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MOURAD, or as usually styled, Amurath II., although scarcely beyond infancy, was not an infant in war or politics. It would seem as if Mahomet I., his father, had had for this son the presentiment of a precocious reign, when he gave him, at the age of twelve, the command of the army sent to quash in the Balkans the communist insurrection of Bedreddin. It seemed to be the purpose of the Sultan thus to familiarize him early with the campaigns and difficulties of government, which are the exercise of sovereigns. The precocious understanding, also, of this boy seemed to answer to the secret designs of the father. His years, his features, the graces of his conversation, his impetuous bravery in the conflict, the skill and force with which he managed the bow, the sabre, and the horse ; his docility to the counsels of more experienced warriors, and chiefly those of Bayezid-Pasha, his tutor, under guise of his general; in fine, the admiration blent with affection which soldiers habitually feel at the sight of a child of whom they in heart are protectors while obey, ing him in arm,

,-all these had made Amurath II. the idol of the army and the hope of his people. The majestic beauty of his father, which reappeared in lines more feminine upon his boyish countenance, completed the moral prestige by the prestige of the eyes. Son of an Ottoman father, grandson of a Serviạn mother, born himself of a Circassian, the favorite wife of Mahomet I., Amurath II. blent in his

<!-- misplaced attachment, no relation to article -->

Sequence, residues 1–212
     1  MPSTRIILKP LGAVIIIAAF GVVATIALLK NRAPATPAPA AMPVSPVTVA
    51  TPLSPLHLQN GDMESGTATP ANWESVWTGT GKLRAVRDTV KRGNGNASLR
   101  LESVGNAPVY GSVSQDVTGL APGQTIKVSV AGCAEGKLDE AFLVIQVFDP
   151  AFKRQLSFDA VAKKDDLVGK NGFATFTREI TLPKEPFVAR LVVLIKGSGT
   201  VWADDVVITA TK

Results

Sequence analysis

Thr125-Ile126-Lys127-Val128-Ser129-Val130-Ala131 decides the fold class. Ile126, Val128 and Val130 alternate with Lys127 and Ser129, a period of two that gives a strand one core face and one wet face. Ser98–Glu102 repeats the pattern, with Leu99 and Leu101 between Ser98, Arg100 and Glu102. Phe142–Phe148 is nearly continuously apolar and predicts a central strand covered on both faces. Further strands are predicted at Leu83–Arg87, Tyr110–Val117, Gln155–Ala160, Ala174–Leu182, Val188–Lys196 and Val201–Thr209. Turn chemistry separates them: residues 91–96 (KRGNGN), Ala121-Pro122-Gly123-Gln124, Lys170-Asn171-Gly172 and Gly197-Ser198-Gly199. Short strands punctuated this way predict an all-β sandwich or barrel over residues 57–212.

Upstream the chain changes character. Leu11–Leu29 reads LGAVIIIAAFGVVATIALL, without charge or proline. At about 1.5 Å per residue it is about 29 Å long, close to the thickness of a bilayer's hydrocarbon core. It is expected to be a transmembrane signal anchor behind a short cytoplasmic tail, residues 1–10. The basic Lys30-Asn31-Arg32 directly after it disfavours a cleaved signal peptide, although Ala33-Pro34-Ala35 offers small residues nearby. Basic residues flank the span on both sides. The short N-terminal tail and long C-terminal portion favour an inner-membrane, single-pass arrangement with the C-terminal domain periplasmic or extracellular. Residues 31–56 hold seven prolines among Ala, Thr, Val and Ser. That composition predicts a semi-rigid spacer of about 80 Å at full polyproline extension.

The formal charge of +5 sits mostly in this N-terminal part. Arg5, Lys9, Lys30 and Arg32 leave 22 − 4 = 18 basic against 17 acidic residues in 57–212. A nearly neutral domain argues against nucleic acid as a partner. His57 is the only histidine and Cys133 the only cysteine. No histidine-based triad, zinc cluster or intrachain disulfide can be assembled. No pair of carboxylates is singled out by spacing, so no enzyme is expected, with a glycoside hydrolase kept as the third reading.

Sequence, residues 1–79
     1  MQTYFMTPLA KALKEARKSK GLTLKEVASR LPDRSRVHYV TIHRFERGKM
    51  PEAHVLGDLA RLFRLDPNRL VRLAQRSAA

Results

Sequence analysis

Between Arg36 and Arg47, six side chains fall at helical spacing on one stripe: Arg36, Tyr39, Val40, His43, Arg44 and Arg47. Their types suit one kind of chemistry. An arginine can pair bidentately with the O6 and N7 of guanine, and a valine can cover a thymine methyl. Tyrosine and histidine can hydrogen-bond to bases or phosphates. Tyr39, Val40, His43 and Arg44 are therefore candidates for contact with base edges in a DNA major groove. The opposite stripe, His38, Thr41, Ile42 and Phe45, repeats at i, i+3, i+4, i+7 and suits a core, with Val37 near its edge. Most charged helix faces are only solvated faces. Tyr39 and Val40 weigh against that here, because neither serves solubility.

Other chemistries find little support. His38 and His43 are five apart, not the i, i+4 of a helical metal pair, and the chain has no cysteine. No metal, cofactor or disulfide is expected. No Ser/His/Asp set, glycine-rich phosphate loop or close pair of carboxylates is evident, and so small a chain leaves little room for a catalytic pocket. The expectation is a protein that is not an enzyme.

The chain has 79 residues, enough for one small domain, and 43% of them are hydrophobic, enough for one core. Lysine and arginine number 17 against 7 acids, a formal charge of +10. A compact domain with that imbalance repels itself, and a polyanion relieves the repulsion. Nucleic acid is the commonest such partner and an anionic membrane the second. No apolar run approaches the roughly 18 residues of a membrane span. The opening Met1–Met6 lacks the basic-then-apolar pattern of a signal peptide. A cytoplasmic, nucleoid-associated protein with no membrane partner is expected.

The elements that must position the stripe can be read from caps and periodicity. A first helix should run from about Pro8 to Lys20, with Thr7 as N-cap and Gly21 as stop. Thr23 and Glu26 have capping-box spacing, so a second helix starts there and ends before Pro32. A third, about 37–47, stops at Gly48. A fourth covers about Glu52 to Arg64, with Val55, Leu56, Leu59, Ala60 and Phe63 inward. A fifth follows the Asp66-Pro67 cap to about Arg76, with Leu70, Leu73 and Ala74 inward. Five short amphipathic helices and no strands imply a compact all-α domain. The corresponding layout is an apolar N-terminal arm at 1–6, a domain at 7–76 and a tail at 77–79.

features the blood of those three races, robust as a Turk, fair as a Servian, slender and stately as a son of the Cauca

No prince was more fitted by nature to sway the eyes of a people who love to see on the brow of their chiefs the diadem of nature by the side of the diadem of birth.

The natural cause of this hereditary beauty of the family of Othman and the dynasty of Turkey has not been sufficiently noticed. It proceeds from the perpetual renewal of the blood retempered from generation to generation in the loins of odalisques of the various races, Greek, Persian, Caucasian—all selected for consummate elegance of form for the harem of the sovereign or the viziers. Polygamy, which degrades the sex and diminishes the population, embellishes the sons of the great by the selection of the mothers. These correct the imperfections of the features of the father; they communicate perpetually to the royal race of the Ottomans some lineaments of the fairest races who supply constantly the seraglio. In following back from sultana to sultana the descent of the actual emperors of Constantinople, there is perhaps not one mother who had not given to the sons of the imperial family something of foreign blood from the purest sources of Europe or of Asia. Another cause of this freshness of the blood and of this grace of countenance, is, that the Turks marry young, and that the first-born of the race of Othman thus partake of the youthfulness and gracefulness-of the parents scarce emerging out of childhood.


Amurath II., after having traversed rapidly and without being recognized the long distance which separates Amasia from Broussa, attended by only a cupbearer of his father, arrived before the father's death had transpired beyond the gates of Broussa. Ibrahim and Bayezid-Pasha, already arrived with the pick of the army, were waiting to crown him. The Janissaries, at last informed by them of the death of Mahomet I., and prepared to receive the son with acclamation, went out to meet the young Sultan and brought him in triumph into the capital. Then was uncovered the bier of Mahomet I., who had been surrounded in his litter, on the march, with the same deference as if the sovereign had been alive behind the curtains. Amyrath bewailed his father with

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